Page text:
University Research Corridor a Worthy Investment

University Research Corridor a Worthy Investment
February 4, 2013/Detroit News

By Lou Anna K. Simon, Mary Sue Coleman and Allan Gilmour
At a time when Michigan's leaders are working hard to guarantee they're getting the best return on the public's tax dollars, a recent study shows that Michigan's University Research Corridor (URC) is a good place to invest.
For every dollar the state invested in the three URC universities — Michigan State University, the University of Michigan and Wayne State University — it saw $17 in economic benefits in fiscal year 2010-11, according to the report by Anderson Economic Group in East Lansing. That added up to $15.5 billion in economic impact statewide.
The three universities conferred 31,683 graduate and undergraduate degrees in 2011, more than any of the six university innovation clusters the URC has benchmarked itself against since 2007, according to the sixth annual URC Economic Impact Report ( More than half of the students graduating in 2011 received degrees in high-tech, high-demand and medical fields.
As the presidents of the three URC universities, we believe our graduates are key to strengthening and expanding Michigan's economy. Equally powerful are the inventions and technologies developed by faculty from a diverse range of fields. The word is getting out that, if businesses want the brightest minds in engineering, biomedicine and alternative energy, they need to be in Michigan.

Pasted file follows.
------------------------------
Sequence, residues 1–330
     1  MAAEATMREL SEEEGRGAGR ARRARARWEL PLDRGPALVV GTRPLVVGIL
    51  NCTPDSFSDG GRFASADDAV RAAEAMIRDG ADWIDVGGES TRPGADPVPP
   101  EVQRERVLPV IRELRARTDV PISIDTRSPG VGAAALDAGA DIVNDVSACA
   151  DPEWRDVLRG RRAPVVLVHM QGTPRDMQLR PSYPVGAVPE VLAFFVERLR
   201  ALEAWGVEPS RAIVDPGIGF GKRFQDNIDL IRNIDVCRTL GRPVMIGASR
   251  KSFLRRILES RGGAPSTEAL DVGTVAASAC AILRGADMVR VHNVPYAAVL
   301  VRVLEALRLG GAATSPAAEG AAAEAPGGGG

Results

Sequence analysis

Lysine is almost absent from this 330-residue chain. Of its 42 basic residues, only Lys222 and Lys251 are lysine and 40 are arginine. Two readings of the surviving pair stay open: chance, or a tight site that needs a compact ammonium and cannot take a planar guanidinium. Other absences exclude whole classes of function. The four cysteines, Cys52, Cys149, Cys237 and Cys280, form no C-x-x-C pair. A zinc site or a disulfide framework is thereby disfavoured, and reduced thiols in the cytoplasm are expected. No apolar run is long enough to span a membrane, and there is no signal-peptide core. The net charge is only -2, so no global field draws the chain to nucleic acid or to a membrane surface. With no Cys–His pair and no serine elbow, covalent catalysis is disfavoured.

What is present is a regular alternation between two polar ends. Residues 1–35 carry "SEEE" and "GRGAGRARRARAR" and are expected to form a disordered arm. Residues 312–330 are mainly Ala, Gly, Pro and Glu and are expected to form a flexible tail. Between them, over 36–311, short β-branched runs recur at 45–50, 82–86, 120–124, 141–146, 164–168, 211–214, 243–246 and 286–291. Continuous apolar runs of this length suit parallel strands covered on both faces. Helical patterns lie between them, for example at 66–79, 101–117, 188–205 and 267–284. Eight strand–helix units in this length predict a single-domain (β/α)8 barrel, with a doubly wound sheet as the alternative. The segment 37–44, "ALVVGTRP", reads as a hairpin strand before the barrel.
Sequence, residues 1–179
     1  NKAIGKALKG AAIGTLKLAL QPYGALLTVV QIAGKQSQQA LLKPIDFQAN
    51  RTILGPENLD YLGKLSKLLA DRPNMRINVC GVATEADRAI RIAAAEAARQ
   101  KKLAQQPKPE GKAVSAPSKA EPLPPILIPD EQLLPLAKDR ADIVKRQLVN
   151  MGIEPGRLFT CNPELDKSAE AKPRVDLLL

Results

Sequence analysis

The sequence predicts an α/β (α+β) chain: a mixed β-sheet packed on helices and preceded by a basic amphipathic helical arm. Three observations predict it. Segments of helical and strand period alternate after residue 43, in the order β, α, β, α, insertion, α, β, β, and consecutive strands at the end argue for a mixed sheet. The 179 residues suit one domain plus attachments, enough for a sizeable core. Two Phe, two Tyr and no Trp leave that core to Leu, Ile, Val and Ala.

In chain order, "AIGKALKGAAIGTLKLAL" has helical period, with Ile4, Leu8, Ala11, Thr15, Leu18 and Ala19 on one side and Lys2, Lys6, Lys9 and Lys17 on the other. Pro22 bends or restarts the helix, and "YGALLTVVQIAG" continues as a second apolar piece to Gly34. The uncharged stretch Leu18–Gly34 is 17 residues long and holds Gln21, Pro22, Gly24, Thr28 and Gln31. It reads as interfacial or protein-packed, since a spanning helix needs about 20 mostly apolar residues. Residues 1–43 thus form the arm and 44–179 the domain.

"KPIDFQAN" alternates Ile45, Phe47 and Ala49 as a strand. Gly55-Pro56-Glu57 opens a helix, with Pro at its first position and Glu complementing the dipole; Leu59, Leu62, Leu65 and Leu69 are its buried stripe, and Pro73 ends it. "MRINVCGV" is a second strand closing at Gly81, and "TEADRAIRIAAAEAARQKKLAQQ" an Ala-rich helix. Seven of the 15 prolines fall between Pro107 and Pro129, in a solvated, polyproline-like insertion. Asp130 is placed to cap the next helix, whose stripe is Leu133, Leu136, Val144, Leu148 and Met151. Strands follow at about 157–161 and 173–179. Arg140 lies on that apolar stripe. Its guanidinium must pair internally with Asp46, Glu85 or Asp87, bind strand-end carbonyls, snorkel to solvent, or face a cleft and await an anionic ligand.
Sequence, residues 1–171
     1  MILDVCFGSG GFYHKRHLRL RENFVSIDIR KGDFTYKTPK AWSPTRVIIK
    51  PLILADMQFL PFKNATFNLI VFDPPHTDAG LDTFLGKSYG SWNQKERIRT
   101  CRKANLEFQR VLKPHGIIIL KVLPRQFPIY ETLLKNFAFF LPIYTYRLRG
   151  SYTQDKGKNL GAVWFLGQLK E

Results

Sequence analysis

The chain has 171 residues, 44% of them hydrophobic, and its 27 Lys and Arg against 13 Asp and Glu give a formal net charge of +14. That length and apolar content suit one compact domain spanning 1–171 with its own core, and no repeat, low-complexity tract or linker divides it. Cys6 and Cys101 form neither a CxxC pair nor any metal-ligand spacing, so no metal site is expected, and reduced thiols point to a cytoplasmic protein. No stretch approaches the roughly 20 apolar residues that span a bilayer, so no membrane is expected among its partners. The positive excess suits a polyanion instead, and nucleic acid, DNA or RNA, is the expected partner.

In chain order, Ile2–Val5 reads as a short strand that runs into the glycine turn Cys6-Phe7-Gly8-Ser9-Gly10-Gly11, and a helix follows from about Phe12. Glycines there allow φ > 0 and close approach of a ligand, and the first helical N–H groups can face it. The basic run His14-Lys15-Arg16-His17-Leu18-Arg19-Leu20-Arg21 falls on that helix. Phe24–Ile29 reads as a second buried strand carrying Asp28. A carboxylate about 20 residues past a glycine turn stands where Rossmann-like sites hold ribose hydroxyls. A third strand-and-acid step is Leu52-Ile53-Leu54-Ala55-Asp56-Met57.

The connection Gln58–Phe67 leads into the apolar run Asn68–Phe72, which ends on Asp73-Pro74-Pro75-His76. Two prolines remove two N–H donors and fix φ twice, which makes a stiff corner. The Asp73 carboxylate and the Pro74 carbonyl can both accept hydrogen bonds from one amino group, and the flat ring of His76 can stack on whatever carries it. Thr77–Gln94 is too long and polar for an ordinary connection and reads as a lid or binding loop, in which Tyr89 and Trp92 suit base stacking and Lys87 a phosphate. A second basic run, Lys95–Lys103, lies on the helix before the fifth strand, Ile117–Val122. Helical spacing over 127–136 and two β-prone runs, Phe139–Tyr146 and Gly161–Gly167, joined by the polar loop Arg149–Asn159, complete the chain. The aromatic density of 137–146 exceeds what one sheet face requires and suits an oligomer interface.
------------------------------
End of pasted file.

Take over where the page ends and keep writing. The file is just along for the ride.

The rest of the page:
One measure of that success is annual research and development (R&D) spending by URC universities. The amount has grown to $2 billion, a jump of 43 percent in five years. The URC's R&D growth rate now tops six other major university innovation clusters, including well-known hubs such as North Carolina's Research Triangle Park and Massachusetts' Route 128 Corridor.
That $2 billion in R&D helps bring talented and creative people to the state, making Michigan a place people want to live, work and launch enterprises. Since 2002, the URC universities have cultivated 149 start-up companies, including 18 in 2011, when the URC ranked behind only Southern California and Massachusetts.
Furthermore, the URC is working to expand the economic benefits it brings to the state. The $15.5 billion in state economic activity the URC contributed in fiscal year 2011 was up $2.6 billion — 20 percent — over the 2007 report.
We know that Michigan's economic success is vital to our students' ability to get good jobs when they graduate.
We are working hard to help businesses succeed by providing the research and talent they need. That R&D not only is creating knowledge, it's creating jobs.
The URC itself was responsible in 2011 for more than 74,000 direct and indirect jobs statewide, with every region of Michigan benefiting. The impact ranged from $64 million in Michigan's Upper Peninsula to $5.6 billion in Southeast Michigan.
We're confident the annual reports we've commissioned from Anderson Economic Group show the URC is playing a strong role in reinvigorating Michigan's economy. We're also confident that the URC stacks up well against peer university innovation clusters nationwide, leading in some measures and on its way to catching and exceeding clusters in Northern California, Southern California, Illinois, Massachusetts, North Carolina and Pennsylvania.
We are working to make Michigan a national leader in innovation and developing talent. We are committed to giving the state and taxpayers a strong return on their investment. Michigan State, the University of Michigan and Wayne State are critical Michigan assets that are proving their worth nationally, globally and in all corners of the state.
Lou Anna K. Simon is president of Michigan State University. Mary Sue Coleman is president of the University of Michigan. Allan Gilmour is president of Wayne State University.